Logo of jbcAbout JBCASBMBSubmissionsSubscriptionsContactJBCThis Article
J Biol Chem. Oct 3, 2008; 283(40): 26937–26947.
PMCID: PMC2556010

A Network of Krüppel-like Factors (Klfs)



Transcription factors of the Sp/Klf (Krüppel-like factor) family regulate biological processes such as hematopoiesis, adipogenesis, and stem cell maintenance. Here we show that Bklf or Klf3 (Basic Krüppel-like factor) represses the Klf8 (Krüppel-like Factor 8) gene in vivo. Conversely, Eklf or Klf1 (Erythroid Krüppel-like factor) activates the Klf8 gene. Klf8 is driven by two promoters, both of which contain multiple CACCC sites. Klf3 can repress Klf1-mediated activation of both promoters. Chromatin immunoprecipitation experiments confirm that Klf3 occupies both Klf8 promoters in vivo. Interestingly, in Klf3 knock-out tissue Klf1 gains access, binds, and activates both Klf8 promoters. These results demonstrate direct competition between activating and repressing Klfs in vivo. Together with previous evidence that Klf1 directly activates the Klf3 gene, the results reveal an elaborate network of cross-talk within the Klf family. The recognition of cross-regulation and potential redundancy between Klf family members is critical to the interpretation of various Klf knock-out mice and the understanding of individual Klfs in particular contexts.

The Klf (Krüppel-like factor) family of sequence-specific DNA-binding proteins bind GC-rich regions and related CACCC sequences in DNA (1). Klf family members contain three conserved DNA-binding C2H2 zinc fingers that recognize similar consensus sites (2). The N-terminal domains of the various Klfs vary, and these different domains mediate different molecular functions. Some Klfs function predominantly as activators, such as Eklf/Klf1 (erythroid Klf) (3), some, such as Bklf/Klf3, are primarily transcriptional repressors (4), and others have been shown to have both activator and repressor roles, such as Klf4 and Klf5 (5). Many Klfs are broadly expressed, such as Klf3 and Klf8 (6, 7), but some are expressed only in specific tissues, such as the erythroid Klf, Klf1 (3). Members of the Klf family have been shown to play key roles in multiple biological processes including erythropoiesis (812), adipogenesis (1315), and the self-renewal of embryonic stem cells (1618).

Eklf (Klf1), the founding member of the Klf family (3), is a potent transcriptional activator known to bind a CACCC site in the adult β-globin promoter and to drive expression of the β-globin gene (19, 20). Accordingly, Klf1 knock-out mice die in utero at embryonic day 14.5 (E14.5)4 from severe anemia resulting from β-globin deficiency (10, 11). A number of additional Klf1 target genes have been recently identified such as Ahsp-hemoglobin stabilizing protein) (21) and dematin (22), a cytoskeletal protein required for erythrocyte membrane integrity. These were validated as direct Klf1 target genes through the use of a Klf1 knock-out erythroid cell line, B1.6, rescued by an inducible form of Klf1 (23). The B1.6 cells have also been used to identify another direct Klf1 target gene, Bklf/Klf3 (24).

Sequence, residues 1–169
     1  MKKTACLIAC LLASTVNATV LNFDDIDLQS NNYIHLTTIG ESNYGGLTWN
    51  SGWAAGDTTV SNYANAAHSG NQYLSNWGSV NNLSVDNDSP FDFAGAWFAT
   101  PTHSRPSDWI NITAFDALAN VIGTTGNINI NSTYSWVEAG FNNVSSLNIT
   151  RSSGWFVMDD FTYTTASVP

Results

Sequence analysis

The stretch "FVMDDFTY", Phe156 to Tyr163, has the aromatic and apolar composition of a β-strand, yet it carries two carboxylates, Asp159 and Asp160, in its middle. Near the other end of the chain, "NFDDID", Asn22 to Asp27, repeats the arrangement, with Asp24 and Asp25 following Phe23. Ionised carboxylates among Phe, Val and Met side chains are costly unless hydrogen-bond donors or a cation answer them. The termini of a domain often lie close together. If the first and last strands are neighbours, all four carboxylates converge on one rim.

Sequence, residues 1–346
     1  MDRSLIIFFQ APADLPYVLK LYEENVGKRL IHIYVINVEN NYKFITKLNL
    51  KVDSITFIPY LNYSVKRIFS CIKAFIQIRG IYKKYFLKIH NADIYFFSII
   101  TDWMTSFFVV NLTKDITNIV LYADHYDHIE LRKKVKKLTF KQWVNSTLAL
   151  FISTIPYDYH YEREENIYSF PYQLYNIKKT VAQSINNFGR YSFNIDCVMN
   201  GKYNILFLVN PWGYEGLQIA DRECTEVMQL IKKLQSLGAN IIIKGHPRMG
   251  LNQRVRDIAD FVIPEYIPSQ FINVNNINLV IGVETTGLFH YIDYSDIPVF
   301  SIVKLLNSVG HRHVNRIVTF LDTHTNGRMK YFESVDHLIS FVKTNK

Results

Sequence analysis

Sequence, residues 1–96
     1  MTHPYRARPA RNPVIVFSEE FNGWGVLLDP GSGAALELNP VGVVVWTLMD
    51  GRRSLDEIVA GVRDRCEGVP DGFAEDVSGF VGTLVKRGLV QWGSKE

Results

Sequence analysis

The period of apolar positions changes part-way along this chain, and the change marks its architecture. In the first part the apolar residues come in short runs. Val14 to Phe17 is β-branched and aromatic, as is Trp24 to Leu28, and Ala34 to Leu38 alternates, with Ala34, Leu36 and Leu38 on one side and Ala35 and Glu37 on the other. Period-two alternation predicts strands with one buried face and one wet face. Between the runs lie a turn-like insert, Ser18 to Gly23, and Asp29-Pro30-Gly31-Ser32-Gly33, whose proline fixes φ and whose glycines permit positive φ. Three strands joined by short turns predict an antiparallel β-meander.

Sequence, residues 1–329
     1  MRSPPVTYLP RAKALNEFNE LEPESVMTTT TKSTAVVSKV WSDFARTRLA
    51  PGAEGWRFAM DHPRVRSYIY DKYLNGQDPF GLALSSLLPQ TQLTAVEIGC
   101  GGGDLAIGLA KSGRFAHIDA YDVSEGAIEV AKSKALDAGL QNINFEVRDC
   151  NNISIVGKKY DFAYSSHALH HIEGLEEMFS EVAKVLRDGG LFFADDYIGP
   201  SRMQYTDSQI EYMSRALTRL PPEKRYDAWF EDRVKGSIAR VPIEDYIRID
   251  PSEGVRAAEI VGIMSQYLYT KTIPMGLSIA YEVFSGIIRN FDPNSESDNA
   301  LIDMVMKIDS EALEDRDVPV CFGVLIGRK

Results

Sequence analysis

Bklf (now known as Klf3) was originally identified through a low stringency cDNA screen using the zinc fingers of Klf1 as a probe (6). Klf3 is widely expressed but is particularly abundant in erythroid tissues (6). Klf3 has been demonstrated to act as a potent transcriptional repressor that recruits the co-repressor C-terminal binding protein (CtBP) to mediate gene repression (4). A critical PVDLT motif in the N-terminal repression domain of Klf3 directly contacts CtBP. Mutation of this motif dramatically reduces Klf3-mediated repression (4).

Here we have used microarrays to compare wild type and Klf3 knock-out fetal liver mRNA in order to identify Klf3 target genes. Klf8 was identified as a gene potentially repressed by Klf3. Klf8 is also a member of the Klf family. It is closely related to Klf3, with the zinc fingers of Klf3 and Klf8 showing 96% homology. Like Klf3, Klf8 binds strongly to CACCC boxes in vitro and is widely expressed (7). Klf8 also acts as a transcriptional repressor and interacts with the co-repressor CtBP through a PVDLS motif (7). There are two reports implicating Klf8 in γ-globin gene repression (25, 26). Klf8 has also been implicated in cell cycle progression and has been shown to be a downstream target of the cell cycle regulator focal adhesion kinase (27). It has been found to be up-regulated in a number of human cancer cells and primary tumor tissues, and induction of Klf8 in NIH3T3 cells results in accelerated cell growth (28). Furthermore, Klf8 can induce motility and invasiveness in normal epithelial cell lines through regulation of the E-cadherin gene (29). Klf8 has also been implicated in the repression of Klf4 (30), a gene that has a well documented role in cell cycle control (31) as well as being one of the four transcription factors that can reprogram mouse fibroblasts to embryonic stem cells (18).

Here we report that Klf8 is repressed by Klf3 in vivo and is up-regulated by Klf1. Transcript analysis indicates that Klf8 has two promoters, both containing multiple CACCC elements. Transactivation assays and chromatin immunoprecipitation experiments indicate that Klf3 represses Klf8 directly and that Klf1 activates Klf8 directly. Interestingly it appears that the activating and repressing Klfs, Klf1 and Klf3, respectively, compete for binding sites in the Klf8 promoters and that in the presence of Klf3, there is little Klf1 occupancy at either Klf8 promoter in vivo. Accordingly, Klf8 levels are low in normal erythroid tissues but high in erythroid cells from Klf3 knock-out mice.